Experts warn of risk from 2,000 missing radioactive sources

PUBLISHED : Saturday, 16 April, 2011, 12:00am
UPDATED : Saturday, 16 April, 2011, 12:00am

While many are panicking over the risk of radioactivity from Japan's crippled Fukushima nuclear power station spreading to China, mainland experts have warned that at least 2,000 missing civilian radioactive sources pose a more direct threat to public health.

The civilian radioactive sources - for a wide range of industrial and medical uses - required careful tracking, but some went missing because of lax management.

'No Chinese people have died in nuclear military or nuclear power plant accidents from 1954 to 2007, but in sectors applying civilian nuclear and radiation technologies, 10 were killed, 49 fell ill and 16 were burned in the same period,' Pan Ziqiang, from China National Nuclear Corp, told the Southern Weekly.

Between 1988 to 1998, more than 1,000 people were irradiated in 300-odd radioactive accidents, with at least 30 cases every year, the weekly cited Fan Shengan , a radiological expert from the Health Ministry, as saying. It said the accident rate in China was 40 times that in the United States in the 1990s.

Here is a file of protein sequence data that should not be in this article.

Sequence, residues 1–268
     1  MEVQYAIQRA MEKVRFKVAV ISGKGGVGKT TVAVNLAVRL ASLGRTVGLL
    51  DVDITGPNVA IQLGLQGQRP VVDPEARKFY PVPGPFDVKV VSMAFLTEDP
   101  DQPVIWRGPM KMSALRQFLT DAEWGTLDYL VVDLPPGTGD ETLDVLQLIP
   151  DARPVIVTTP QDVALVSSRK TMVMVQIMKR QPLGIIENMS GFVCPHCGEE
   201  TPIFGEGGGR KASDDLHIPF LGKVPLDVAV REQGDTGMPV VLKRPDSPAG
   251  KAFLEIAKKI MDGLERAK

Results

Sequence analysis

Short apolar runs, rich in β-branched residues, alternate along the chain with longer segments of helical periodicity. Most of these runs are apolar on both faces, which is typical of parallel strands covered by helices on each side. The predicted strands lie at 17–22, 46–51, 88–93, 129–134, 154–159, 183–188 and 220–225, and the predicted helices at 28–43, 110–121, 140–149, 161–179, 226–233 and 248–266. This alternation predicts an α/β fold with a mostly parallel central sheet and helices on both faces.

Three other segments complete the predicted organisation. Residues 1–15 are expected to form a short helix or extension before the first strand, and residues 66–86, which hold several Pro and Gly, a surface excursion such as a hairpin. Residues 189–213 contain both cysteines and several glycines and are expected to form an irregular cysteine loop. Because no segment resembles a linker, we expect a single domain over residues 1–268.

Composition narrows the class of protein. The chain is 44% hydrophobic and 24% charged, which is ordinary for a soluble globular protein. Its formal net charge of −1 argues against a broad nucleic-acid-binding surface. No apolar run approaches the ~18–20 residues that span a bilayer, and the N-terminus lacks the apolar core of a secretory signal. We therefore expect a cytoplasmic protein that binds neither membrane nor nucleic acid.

Radioactive sources are used throughout the world for a variety of peaceful and productive purposes in industry, medicine, research and education, and in the military.

For example, cobalt-60, one of the sources, is used medically for radiation therapy as implants and as an external source of radiation exposure. It is used industrially in levelling gauges and to X-ray welding seams and other structural elements to detect flaws. It is also used for food irradiation, a sterilisation process.

In 2004, the State Environmental Protection Administration teamed up with the Healthy Ministry and the Ministry of Public Security to carry out a nationwide survey that found more than 140,000 radioactive sources had been in the possession of at least 10,000 civilian enterprises across the country, with 70,000 in use but more than 2,000 missing.

A 'regulation on prevention and protection against radiation from radio isotopes and radioactive devices' enacted in 2005 said all radioactive source owners should pay storage costs for all expired sources.

'[But] China failed to set up a comprehensive legal system to monitor the whole process of application of both nuclear technology and radioactive sources,' said Professor Wang Canfa, an environmental expert at the China University of Political Science and Law in Beijing. 'Our regulations were just based on environmental protection. They're not as serious as [those under Japanese and US law].'


Send to a friend

To forward this article using your default email client (e.g. Outlook), click here.

Enter multiple addresses separated by commas(,)